Data De-Duplication Is No Longer Just for Backup
If a document is emailed to 500 people within your organization, do you think it makes more sense to store all 500 copies of that document… or just one?
Data de-duplication eliminates copies of data so storage space isn’t wasted with multiple instances of the same data. Using the above example, only one copy of the document would be stored instead of 500. The remaining 499 documents would be replaced with a pointer to the single stored document.
Traditionally utilized as part of backup and archival processes, the removal of redundant data can reduce the amount of data needing to be backed up by 90 percent or more. Because significantly less data is transmitted for remote backup and disaster recovery purposes, bandwidth requirements also drop by up to 99 percent. By conserving storage capacity and bandwidth, data de-duplication enables organizations to reduce storage costs and recover data faster.
While the benefits are significant, data de-duplication hasn’t been widely used in primary storage, which houses data in active use. This has been largely due to performance issues and data integrity concerns. Also, far more redundant data was eliminated during the backup process, so data de-duplication solutions focused on that tier of storage.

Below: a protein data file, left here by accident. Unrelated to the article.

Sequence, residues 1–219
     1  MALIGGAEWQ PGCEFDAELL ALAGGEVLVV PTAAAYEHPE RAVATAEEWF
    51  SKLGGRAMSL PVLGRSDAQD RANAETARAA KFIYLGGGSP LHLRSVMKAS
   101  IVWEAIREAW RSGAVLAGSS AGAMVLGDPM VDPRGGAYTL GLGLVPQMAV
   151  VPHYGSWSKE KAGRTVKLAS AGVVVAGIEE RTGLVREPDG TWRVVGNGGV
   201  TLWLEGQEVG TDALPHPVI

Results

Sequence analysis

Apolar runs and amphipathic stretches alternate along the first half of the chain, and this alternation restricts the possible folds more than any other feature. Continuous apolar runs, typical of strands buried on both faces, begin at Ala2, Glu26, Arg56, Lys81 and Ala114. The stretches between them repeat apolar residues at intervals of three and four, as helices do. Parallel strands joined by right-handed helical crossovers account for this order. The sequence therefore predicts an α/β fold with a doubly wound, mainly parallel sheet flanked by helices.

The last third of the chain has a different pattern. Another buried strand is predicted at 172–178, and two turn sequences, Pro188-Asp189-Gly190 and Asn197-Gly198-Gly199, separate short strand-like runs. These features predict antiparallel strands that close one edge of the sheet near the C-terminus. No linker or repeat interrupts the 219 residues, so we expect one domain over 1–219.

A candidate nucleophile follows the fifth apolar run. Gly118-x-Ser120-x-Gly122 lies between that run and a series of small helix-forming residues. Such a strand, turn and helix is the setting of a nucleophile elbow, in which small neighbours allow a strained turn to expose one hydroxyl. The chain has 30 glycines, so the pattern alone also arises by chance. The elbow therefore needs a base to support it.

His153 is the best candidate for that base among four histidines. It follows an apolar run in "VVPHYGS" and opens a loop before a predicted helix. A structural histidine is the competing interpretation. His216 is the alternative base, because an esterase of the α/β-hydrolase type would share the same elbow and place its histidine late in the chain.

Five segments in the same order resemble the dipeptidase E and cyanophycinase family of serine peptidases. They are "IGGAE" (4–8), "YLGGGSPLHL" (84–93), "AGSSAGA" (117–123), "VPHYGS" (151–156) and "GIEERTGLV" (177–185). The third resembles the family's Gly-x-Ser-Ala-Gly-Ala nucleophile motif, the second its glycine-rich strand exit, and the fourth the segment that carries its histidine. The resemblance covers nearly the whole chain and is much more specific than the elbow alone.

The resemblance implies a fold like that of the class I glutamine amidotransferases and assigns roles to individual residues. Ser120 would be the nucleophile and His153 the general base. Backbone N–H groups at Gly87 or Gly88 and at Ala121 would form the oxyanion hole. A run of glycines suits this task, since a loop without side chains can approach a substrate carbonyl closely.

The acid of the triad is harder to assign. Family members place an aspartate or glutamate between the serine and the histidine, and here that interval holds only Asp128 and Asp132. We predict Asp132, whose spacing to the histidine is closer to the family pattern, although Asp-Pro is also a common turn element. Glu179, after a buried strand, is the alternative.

However, thanks to evolving data center technology, primary storage data de-duplication is likely to produce more business value today than it might have five years ago. Increasingly virtualized environments are producing more redundant data, while cloud storage requires smaller volumes of data in order to transfer data efficiently. At the same time, performance issues associated with data de-duplication can be negated by flash storage, which is much faster – and more expensive – than traditional disk and tape storage.
In a virtualized environment, most data originates in primary storage and is distributed to other storage tiers. Consequently, using data de-duplication to improve primary storage efficiency and optimization can produce significant downstream cost savings across the entire storage infrastructure.
A stronger business case for primary storage de-duplication has led more vendors to offer such solutions. For example, data de-duplication is built into Microsoft Windows Server 2012 R2 for primary storage. Administrators can minimize performance issues by scheduling data de-duplication jobs at specific times and configuring policies to control which files should be processed. Microsoft’s data de-duplication feature promises to provide data integrity, bandwidth efficiency and faster download times.
Let ICG assess the storage requirements of your network and help you determine how your organization could benefit by implementing a data de-duplication solution for backup, primary storage or both.